This part of the exhibition builds on archive materials and compares fisheries development efforts of the Norwegian government in two very different parts of the world. First, it considers the way it tried to rebuild the fishing industry in northern Norway (Troms and Finnmark region) following the devastation of World War II. Second, it describes the first UN-supported development project, known as the Indo-Norwegian Project (1952-1972), which was implemented by the government of Norway in southern India soon after its Independence, when food shortages were omnipresent.
It was accompanied by a large public campaign to raise money in Norway and became very well known. The INP-project also, however, was severely criticised. Some observers have therefore concluded that the project did more harm than good. As the re-development of fisheries in northern Norway was carried out in the same period as the INP-project, and many of the leading people involved in both efforts were the same, it is useful to compare the two.
Following the Second World War, the Norwegian government was concerned about rehabilitating damaged areas far north, which had been destroyed. After all, in the autumn of 1944, German troops withdrew from the northern parts of Norway, destroying everything in their way (this is known as a scorched earth strategy). About 50,000 people became refugees in their own country, and most of them belonged to settlements along the coast. In Troms and Finnmark counties, small-scale fisheries had always been the backbone of economic life, and this sector was hit hard. About 350 larger coastal vessels were destroyed, and several thousand open boats. As many as 260 fish plants were devastated (figures for Finnmark county alone). Most of them were small plants that processed catches into fresh-packed fish, salted fish, and dried fish products. After the war, the Norwegian authorities focused not only on the rebuilding of damaged coastal villages but also on the modernisation of the fisheries. The overall goal was more or less the same as for the INP-initiative: to improve the living conditions of the fishing population by use of new and better technology. In North Norway, however, the government did not introduce trawling in a significant way, while the technology itself was considered viable. Instead, it focused on modernising the processing industry. A huge programme for the establishment and implementation of frozen fish technology was passed in Parliament, and from the early 1950s, several fillet plants were erected along the coast.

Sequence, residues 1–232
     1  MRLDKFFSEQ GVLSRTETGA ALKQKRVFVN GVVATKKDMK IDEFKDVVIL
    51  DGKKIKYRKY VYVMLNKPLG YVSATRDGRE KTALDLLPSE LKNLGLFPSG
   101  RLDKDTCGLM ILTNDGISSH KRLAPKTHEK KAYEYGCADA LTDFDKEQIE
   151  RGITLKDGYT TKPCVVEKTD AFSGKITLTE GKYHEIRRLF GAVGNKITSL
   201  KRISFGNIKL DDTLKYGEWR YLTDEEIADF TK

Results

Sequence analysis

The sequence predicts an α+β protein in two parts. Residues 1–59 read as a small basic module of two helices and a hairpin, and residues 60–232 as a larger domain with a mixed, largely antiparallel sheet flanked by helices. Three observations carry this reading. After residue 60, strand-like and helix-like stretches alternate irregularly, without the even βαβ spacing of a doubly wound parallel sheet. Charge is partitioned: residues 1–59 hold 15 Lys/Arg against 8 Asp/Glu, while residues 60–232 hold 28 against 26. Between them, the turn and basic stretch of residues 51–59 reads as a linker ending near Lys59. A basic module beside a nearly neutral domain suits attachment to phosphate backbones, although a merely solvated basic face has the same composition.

Meanwhile, the newly independent Government of India was trying to deal with its problems. The country was poor, food was in short supply, and the fisheries were underdeveloped. Modernisation was therefore considered important, and the INP-project was to contribute to this effort. The governments of India and Kerala agreed to establish the INP-project in the village of Neendakara, along the southeast coast of the country, in one of its prime fishing regions. Fishers along this coast had been practising fishing for thousands of years, making use of relatively simple but appropriate beach-landing craft. In the first years of its existence, the Norwegian experts from INP who had settled there aimed to equip these craft with engines – an effort that failed quite miserably.